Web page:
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How-to: Contouring

By Victoria, Theatre Makeup Artist

Victoria is a 19-year old college sophomore who attends school in Massachusetts for Engineering, but she’s an avid Theater Makeup Artist and has worked on a variety of shows, from dance shows (think intense, flamboyant glitter) to periodic musicals. She aims to combine her “nerdy” passions with her artistic ones: to overanalyze the mathematics of reshaping the face, learn the science of why a product works better or worse. She’s a romantic dreamer who enjoys re-imagining herself in a soap opera, pretending one day a prince is going to come riding in on a dragon and take her away. Until then, she’s planning to use her makeup brushes and colors to force her friends to be the stars of her imaginary fairy tale.


How-to: Contouring

I remember the first time I looked at my pictures from a dance performance:  my face was completely bleached out, and I was so embarrassed I didn’t want to show them to anyone! At the next show, an older girl with beautiful orange stripes down the sides of her face came over and lovingly gave me some help. After a friend asked me if that performance was “Lion King” themed, I knew I needed a change. Since then, I’ve joined the battle against the monster we theatre makeup artists have to fight: giving life and dimension to a face that is flattened by unforgiving lights.

My weapon of choice is contouring. Highlighting and contouring is the art of changing the face. For theatre, we may contour for two reasons: one, because theatre lights bleach out all the shadows and dimension of the face, or two, to make the face look like a different ethnicity entirely. Today, I’m going to concentrate on the former: on giving yourself beautiful cheekbones.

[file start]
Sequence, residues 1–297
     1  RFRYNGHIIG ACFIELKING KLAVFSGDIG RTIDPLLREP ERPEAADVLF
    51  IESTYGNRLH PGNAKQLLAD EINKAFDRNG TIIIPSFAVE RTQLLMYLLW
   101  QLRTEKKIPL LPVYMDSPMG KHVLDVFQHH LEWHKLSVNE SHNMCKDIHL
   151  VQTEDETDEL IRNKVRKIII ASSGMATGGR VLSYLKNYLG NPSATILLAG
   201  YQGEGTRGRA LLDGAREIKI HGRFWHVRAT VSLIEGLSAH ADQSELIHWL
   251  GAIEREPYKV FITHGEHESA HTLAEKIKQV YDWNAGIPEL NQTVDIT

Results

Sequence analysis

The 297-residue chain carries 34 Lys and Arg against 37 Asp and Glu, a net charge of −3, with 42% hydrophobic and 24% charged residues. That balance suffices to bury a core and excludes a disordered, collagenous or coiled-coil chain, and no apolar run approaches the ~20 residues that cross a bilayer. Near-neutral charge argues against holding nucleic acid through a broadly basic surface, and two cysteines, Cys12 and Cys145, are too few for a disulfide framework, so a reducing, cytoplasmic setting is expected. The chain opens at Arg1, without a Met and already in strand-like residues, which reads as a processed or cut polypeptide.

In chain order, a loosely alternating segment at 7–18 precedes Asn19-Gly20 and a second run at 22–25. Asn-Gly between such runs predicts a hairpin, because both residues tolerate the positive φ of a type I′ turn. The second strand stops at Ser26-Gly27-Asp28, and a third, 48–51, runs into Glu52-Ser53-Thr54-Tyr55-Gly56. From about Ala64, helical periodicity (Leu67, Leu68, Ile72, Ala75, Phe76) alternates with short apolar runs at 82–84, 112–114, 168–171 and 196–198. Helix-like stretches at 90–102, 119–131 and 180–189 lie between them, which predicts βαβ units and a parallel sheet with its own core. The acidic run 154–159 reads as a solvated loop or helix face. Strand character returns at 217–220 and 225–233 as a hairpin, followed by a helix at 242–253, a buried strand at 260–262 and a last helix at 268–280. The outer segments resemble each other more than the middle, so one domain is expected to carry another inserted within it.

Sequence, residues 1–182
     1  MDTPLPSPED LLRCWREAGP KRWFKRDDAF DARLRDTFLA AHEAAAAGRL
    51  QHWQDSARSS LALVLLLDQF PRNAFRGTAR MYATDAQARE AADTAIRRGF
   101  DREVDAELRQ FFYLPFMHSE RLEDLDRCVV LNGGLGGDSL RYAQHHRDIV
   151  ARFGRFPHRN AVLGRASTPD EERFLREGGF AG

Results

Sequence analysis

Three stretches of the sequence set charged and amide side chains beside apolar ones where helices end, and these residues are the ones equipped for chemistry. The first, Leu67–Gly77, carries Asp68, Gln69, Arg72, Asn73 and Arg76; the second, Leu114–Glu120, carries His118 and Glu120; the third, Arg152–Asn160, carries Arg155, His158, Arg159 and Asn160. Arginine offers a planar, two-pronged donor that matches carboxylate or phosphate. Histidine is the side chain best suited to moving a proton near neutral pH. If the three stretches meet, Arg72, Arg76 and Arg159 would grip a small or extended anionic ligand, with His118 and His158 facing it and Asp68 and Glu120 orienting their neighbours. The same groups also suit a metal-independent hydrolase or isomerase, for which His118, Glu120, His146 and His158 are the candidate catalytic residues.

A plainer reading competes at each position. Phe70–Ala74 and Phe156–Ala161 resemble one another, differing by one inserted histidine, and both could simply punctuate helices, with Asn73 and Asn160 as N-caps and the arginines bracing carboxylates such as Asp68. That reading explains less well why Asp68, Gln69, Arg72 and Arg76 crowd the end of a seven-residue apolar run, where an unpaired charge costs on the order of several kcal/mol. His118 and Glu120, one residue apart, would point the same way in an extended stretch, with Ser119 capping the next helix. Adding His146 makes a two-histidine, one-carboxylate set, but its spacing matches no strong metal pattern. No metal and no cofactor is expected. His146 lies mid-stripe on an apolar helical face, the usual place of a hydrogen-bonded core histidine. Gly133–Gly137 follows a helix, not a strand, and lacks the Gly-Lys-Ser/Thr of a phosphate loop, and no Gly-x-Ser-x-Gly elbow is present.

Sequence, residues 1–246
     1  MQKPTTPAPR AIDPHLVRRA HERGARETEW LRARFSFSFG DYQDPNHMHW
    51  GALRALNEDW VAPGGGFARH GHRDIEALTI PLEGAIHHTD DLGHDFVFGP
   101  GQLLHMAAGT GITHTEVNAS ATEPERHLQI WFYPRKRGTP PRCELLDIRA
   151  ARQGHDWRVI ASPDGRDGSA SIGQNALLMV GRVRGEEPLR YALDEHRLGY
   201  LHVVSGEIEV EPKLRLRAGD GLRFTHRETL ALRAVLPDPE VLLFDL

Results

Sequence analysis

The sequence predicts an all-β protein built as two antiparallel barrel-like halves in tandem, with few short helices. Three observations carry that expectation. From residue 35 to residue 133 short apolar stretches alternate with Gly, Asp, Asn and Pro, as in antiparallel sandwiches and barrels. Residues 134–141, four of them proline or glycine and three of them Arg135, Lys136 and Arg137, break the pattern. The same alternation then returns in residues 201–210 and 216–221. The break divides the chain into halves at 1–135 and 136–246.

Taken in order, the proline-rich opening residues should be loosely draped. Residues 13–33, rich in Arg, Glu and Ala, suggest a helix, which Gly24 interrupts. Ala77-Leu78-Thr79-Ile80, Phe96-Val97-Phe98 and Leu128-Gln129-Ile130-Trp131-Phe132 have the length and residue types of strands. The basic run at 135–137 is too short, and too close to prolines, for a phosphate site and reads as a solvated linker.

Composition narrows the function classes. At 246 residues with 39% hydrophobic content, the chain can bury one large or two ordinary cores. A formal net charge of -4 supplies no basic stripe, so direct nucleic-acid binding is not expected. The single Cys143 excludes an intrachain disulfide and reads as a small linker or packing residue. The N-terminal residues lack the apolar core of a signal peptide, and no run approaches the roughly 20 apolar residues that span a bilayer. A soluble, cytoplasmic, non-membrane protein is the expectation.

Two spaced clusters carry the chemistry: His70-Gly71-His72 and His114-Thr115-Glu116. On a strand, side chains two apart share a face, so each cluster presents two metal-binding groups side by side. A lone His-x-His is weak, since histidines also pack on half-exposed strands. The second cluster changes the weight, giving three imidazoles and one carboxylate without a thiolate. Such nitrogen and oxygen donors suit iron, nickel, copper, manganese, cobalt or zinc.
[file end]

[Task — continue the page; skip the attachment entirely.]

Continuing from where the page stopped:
One thing that I really want to highlight (ha!) in this post is that having beautiful cheekbones is not just about the cheekbones! It’s about how things look in relation to each other; how far the cheekbones are positioned from the eyes or the shape of your jawline. A relatively wider set jaw can mask any high cheekbones. Just shade along the jawline to soften and recess it a bit, and your cheekbones will pop out naturally.

Cheekbones generally start a finger or two widths away from the edge of the eye; if yours don’t, you might want to consider shading under the outside corner of the eye to push the cheekbone down further. Some cheekbones are naturally quite prominent and maybe your goal is to diminish them a bit! Avoid highlighter and place your blush further down. Before you start, analyze your own facial structure and compare it to the look you’re trying to achieve.

Find out what you’ll need and how to contour!

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Guerlain Rose Innocent Rouge G Lipstick

Guerlain Rose Innocent Rouge G Lipstick
Guerlain Rose Innocent Rouge G Lipstick

Guerlain Spring 2012: Rose Innocent Rouge G Lipstick

Debuting in January, Guerlain Rose Innocent Rouge G Lipstick ($48.00 for 0.12 oz.) is pale pink with subtle yellow undertones. This shade is limited edition from Guerlain’s spring collection, and it is one of four Rouge Gs–I’ll have reviews on the other three as soon as I can buy them. It’s almost a neutral pink, but the color itself is very light–it’s just a pink-tinted version of my natural lip color. Very my-lips-but-better kind of shade, so it may be rather superfluous on someone with more pigmented lips or else serve as a way to lighten them a shade or two. OCC Femme is an opaque version of this shade. MAC Dress It Up is a cooler-toned pink. MAC Royal Azalea is similar in lightness but is a touch cooler toned. MAC Behave Yourself is a bit darker and bluer.

This is the kind of shade that someone will love and wear everyday or one where someone just doesn’t see the point. The color coverage is semi-opaque (you can just barley see my lip freckle), but there’s a general translucency throughout the product that lets my natural lip color peek through. Rose Innocent feels more like a Rouge G Brilliant than your typical Rouge G, because it has more slip and natural glossiness, but it’s not quite as glossy (and definitely not as sheer) as a Brilliant. The color doesn’t apply as evenly, and I expect it’s due to the slip in the texture. It only wore for three hours on me, which is decent for this type of light color, though I tend to get better wear out of the Rouge G formula than that. It is very hydrating and comfortable to wear, though.

Guerlain Rouge G de Guerlain Lip Color Rose Innocent
9
Product
8.5
Pigmentation
9
Texture
7.5
Longevity
4
Application
84%
Total

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